613-394-4811

Part 3 Dogs Adapting To Life With A Toddler

With a mobile, loud and very curious toddler around your home the family pet is tested daily with your child’s safety as the variable.  Your pet will be exposed to toys being tossed around, banging, squeals of joy, standing, falling and worst of all a child coming at the dog pulling hair or hitting, not to mention a teething child who likes to bite everything!  These are all normal actions of a growing & learning toddler that need to be safeguarded for the emotional well being of your dog and the safety of your child.

From a very early age (3 – 4 months old) the parent should frequently use the child’s hand to pet the dog.  This will ingrain a calm touch.  Very strict rules your child should learn are:

  1. 1 hand is enough to pet
  2. Pet from collar to tail
  3. Dogs do not like hugs and kisses

Babies and toddlers should never interact without direct supervision.  Interaction should never be forced – for example; calling a pet over and telling it to sit and stay so the child can touch it or taking the child over to the pet so the child can talk.  Allow interaction only when the pet comes to you and the child together.

Remember your child learns by imitation so any way you touch and play with the family pet your toddler will copy.

Your toddler is now able to move around your home and this creates areas of Grumble Zones for your pet.  Grumble Zones are areas of limited space where your dog has trouble getting away from your child and therefore putting your child in danger.  You need to declutter the home to reduce the number of grumble zones.  This might be as simple as moving a coffee table to open up a room.  There are also Growl Zones in your home that must be avoided.  This includes areas like under the table, areas of no escape or just increased resource space (your dog’s favourite carpeted area).

Never stop a dog from grumbling or growling as this is your pet’s warning to you and your child before biting.

If you take away the growl you take away the warning.  Before growling you may also see warnings such as licking lips, yawning or even a  sideways glance where you see a half moon of white in the dog’s eyes.

The bite threshold your dog may have can be reduced with increased stressors. These may include a trip to the Veterinary Hospital, a thunderstorm, if you are giving meds to the pet etc.  Be more aware of your dog when the daily balance is upset.  A playdate with another child at your home can be an extreme stressor, it is best to put your dog outside or in another room during these times.  You can not control how another child will interact with your pet, nor can you predict how your pet  will behave with this added stress in your home.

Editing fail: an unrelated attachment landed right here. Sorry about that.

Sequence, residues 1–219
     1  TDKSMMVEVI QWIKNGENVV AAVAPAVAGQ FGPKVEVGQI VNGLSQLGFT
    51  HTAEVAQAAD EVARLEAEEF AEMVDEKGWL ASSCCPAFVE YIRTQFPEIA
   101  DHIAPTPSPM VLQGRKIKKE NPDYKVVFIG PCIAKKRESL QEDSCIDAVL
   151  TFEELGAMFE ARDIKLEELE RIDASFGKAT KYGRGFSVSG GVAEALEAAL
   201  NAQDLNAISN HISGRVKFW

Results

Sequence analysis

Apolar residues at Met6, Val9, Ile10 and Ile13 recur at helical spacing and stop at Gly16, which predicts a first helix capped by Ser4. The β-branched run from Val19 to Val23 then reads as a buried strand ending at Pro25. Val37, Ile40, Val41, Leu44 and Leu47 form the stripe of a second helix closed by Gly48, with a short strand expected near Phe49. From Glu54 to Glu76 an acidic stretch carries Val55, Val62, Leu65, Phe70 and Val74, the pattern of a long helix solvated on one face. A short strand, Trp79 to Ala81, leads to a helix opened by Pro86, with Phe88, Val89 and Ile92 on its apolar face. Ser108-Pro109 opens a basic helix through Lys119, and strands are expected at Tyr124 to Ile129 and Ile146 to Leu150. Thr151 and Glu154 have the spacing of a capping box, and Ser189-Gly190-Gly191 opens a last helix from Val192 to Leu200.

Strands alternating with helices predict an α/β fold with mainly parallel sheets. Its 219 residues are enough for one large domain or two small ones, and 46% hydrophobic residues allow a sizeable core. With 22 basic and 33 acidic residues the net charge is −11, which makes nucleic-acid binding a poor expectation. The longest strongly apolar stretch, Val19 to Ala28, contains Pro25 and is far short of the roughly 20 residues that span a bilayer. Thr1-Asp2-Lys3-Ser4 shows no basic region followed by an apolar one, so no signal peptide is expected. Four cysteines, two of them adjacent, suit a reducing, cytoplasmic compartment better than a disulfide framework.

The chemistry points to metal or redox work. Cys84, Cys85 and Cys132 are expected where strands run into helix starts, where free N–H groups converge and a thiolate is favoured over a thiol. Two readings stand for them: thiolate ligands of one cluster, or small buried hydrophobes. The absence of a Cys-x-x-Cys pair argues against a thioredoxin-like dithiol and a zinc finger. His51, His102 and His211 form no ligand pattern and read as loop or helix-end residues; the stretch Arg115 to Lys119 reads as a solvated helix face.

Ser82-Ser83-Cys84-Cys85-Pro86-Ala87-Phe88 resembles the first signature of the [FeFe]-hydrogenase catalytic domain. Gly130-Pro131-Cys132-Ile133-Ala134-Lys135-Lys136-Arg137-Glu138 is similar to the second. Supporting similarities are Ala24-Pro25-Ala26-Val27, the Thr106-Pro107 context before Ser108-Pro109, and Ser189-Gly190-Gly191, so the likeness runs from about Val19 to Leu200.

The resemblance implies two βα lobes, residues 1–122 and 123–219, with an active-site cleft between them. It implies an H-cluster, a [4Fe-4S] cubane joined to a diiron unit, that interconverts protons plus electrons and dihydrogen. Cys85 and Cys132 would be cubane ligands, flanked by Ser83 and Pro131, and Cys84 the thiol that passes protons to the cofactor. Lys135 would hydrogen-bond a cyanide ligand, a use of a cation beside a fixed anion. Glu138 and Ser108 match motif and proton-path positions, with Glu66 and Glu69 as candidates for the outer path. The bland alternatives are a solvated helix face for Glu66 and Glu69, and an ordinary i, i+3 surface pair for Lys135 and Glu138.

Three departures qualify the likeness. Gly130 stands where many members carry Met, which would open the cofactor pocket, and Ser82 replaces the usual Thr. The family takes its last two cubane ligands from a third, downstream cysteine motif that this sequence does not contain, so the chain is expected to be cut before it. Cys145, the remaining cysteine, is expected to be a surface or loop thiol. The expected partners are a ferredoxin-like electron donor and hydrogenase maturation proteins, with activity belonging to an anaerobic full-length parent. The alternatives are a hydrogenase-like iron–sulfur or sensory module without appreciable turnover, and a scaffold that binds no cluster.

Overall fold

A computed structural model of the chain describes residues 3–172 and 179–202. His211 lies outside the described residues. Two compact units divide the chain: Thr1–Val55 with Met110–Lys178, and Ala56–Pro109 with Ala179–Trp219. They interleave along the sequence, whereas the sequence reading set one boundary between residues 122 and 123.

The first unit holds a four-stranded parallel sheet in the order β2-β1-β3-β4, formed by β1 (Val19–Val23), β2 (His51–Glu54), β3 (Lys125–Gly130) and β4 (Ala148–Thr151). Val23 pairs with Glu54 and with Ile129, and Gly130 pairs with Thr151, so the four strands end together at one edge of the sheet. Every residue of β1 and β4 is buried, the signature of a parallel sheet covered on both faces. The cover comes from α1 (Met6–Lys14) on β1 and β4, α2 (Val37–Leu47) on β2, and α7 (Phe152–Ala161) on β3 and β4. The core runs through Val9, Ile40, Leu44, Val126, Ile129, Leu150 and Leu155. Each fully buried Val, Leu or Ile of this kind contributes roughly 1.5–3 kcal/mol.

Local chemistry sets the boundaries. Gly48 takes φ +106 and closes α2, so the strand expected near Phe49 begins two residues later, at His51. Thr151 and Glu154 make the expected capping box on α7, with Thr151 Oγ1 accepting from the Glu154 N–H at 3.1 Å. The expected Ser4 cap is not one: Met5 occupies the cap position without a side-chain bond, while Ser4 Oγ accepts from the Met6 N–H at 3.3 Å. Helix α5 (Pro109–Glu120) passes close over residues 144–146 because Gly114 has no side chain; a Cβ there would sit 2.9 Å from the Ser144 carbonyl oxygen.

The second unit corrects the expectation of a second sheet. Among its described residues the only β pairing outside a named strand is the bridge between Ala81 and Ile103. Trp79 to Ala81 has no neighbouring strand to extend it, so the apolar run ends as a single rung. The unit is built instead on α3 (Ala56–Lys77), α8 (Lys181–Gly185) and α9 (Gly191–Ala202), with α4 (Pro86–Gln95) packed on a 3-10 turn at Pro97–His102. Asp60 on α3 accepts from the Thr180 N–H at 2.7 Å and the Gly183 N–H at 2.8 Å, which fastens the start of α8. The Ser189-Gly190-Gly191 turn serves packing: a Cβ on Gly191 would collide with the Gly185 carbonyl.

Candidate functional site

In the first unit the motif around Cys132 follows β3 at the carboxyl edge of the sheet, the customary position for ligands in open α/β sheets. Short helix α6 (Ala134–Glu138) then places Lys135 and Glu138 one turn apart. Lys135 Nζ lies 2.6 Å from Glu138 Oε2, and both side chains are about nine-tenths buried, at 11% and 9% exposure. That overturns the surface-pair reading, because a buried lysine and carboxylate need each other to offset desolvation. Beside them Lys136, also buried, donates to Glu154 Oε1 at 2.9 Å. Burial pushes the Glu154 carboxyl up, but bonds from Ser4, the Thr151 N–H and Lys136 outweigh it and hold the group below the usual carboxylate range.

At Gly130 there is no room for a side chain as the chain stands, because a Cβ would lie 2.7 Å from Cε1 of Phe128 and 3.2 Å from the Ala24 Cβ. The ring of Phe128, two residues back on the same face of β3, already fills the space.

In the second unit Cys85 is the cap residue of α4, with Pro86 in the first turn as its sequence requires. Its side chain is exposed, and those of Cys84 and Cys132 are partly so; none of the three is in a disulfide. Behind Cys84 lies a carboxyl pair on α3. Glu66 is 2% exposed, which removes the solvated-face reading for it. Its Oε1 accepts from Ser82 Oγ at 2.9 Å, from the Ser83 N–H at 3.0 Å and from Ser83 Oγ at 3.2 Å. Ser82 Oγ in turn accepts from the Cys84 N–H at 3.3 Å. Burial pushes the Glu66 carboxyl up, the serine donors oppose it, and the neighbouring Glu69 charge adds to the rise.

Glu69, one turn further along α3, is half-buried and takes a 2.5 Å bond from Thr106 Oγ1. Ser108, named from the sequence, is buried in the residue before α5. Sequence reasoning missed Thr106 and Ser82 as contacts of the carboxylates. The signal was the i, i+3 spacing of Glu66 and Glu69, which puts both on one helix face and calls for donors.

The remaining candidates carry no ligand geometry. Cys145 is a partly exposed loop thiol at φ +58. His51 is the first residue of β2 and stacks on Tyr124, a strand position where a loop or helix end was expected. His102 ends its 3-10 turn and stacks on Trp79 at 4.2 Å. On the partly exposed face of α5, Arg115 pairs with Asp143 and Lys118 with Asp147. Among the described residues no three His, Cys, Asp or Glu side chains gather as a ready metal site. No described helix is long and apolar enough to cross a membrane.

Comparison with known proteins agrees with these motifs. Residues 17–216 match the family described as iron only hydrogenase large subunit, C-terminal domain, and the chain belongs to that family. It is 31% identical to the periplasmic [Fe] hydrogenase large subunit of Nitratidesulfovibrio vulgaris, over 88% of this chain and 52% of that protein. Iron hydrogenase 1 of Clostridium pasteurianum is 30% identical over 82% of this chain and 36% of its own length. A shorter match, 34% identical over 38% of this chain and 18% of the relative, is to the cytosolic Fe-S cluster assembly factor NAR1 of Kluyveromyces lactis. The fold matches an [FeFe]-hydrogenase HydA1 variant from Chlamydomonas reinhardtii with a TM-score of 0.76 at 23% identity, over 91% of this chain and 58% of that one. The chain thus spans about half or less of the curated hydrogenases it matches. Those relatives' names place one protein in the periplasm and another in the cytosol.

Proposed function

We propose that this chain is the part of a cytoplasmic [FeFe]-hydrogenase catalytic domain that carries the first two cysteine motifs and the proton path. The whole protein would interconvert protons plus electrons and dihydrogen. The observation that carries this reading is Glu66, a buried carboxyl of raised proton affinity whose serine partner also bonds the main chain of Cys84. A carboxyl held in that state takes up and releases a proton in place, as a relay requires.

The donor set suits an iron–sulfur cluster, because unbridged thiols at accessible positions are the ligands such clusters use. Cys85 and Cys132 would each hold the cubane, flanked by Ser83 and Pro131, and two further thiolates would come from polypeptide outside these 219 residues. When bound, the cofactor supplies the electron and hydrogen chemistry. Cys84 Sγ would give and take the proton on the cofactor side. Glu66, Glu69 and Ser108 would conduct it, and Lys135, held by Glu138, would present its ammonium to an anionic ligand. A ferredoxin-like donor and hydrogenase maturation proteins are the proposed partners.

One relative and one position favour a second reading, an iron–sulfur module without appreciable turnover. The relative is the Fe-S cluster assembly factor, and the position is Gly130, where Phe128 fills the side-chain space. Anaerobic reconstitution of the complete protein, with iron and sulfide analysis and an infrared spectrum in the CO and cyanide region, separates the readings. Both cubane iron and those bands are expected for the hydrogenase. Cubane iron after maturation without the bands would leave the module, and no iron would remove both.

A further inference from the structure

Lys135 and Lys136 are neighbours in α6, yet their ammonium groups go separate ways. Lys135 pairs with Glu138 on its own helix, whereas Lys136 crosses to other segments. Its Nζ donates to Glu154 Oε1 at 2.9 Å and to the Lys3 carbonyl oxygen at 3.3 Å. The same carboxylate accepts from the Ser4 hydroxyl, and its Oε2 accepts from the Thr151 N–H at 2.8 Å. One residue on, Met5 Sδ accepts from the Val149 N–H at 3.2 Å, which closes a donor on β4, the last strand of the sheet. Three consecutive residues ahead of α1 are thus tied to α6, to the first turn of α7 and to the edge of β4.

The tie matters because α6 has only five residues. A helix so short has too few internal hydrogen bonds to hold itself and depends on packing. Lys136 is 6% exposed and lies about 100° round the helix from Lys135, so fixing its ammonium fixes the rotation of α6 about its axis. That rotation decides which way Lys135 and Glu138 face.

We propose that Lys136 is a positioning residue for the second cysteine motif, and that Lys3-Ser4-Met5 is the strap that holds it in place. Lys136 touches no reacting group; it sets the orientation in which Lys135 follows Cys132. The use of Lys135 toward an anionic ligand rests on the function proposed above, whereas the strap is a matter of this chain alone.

As with children “NO” does not give enough direction.  The dog needs to be given appropriate instructions as to what is acceptable behaviour.

When children become school age we put more of an onus on them to keep safe around dogs but we need to give them the tools to do so.  There is a program called the “BE A TREE” program that I offer free of charge through Hillcrest Animal Hospital.  The program teaches children from ages 4 to 10 how to read a dog’s body language and recognize  warning signs, as well as what dogs are safe to approach and who to stay away from.  This program is often presented to groups of 10 – 30 children at schools, scouting groups or day cares.  If you are interested please feel free to call us at 613-394-4811 or email at info@hillcrestanimalhospital.ca

Veterinary Care is more like family care.  We will do everything we can to help keep the “Human – Animal Bond” between you and your pet intact and strong because as you know Dogs really are a Human’s Best Friend.

Darlene Cannon, RVT

healthcare-plans

Blog

My Cat is Scratching and Destroying my Stuff!

Owners of indoor cats often need a way to control the scratching on inappropriate objects. There are several ways we can do this and I will briefly discuss the pros and cons of each.  Kittens often start scratching at 8 weeks of age as a way to shed their claw husks, mark territory and stretch their muscles. Our goal is to try to choose the most humane option first and keep surgical options as a last resort.

Read More
See All Articles